Basic file organization. Manipulation of digital information. Writing and presentation skills. Ownership and responsibility. An ability to adapt to different digital interfaces and environments. Computer-based critical thinking, problem solving, and self-guided learning. At Whitfield, students develop general competency by mastering a slew of foundational IT skills. We refer to this mastery as “digital fluency.” Then, by layering “digital wellness” on top of fluency, we help our students set healthy boundaries and develop a sustainable relationship with technology. This experience with mindfulness and self-awareness starts with adult guidance and sets Whitfield students up with a competitive advantage as they are able to set boundaries for themselves.

“It’s not easy, but digging into digital wellness—at home and at school—is one of our greatest responsibilities as parents and teachers,” says Whitfield’s Director of Health and Wellness Ginny Fendell. The collaboration between wellness and technology manifests as advisory programming, a no cell phone policy, an awareness of the biological processes at play when we interact digitally, and an acceptable use of technology policy that emphasizes social media, personal growth, character, integrity, relationships, and ongoing conversation while setting expectations and boundaries.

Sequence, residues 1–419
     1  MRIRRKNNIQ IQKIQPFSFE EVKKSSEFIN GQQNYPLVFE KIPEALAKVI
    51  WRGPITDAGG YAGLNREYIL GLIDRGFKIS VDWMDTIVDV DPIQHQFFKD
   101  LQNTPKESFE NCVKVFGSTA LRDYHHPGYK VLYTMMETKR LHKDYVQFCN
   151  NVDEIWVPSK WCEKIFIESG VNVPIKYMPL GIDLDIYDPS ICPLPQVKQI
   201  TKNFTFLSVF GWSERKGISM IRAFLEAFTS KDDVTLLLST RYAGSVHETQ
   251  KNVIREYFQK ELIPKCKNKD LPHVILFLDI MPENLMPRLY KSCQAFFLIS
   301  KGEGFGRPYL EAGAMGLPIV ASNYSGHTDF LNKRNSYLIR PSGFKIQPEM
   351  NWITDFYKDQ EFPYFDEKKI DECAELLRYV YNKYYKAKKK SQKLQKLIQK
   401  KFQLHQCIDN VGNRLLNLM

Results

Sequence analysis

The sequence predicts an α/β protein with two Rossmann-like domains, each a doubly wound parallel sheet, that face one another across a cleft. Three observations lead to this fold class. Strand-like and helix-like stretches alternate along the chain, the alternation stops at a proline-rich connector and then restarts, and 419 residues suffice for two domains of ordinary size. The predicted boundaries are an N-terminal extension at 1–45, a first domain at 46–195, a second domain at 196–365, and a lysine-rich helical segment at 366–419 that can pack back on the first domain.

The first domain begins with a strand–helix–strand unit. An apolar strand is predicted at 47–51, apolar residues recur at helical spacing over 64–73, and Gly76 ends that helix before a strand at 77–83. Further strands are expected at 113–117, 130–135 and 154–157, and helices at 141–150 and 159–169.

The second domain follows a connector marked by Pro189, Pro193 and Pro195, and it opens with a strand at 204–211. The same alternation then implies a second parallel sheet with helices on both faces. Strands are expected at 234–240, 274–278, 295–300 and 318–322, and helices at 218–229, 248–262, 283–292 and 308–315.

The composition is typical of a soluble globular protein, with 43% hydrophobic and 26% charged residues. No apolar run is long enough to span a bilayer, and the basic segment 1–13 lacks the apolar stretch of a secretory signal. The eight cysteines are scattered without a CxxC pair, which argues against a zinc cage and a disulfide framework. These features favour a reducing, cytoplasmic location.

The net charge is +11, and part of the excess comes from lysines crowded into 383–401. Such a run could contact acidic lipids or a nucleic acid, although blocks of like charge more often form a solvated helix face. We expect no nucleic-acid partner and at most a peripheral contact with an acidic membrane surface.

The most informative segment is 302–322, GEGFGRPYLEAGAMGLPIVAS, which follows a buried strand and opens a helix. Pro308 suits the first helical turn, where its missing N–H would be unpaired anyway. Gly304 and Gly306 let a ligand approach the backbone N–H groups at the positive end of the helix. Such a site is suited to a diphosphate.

STEAM LEADERSHIP

Matt DiGiulio

Director of Technology

Matt DiGiulio

Director of Technology

"We are at our best when we’re working across boundaries and alongside others. Although it would be easier to stick to our silos, we thoughtfully weave the things that are important to us into the fabric of our academic program."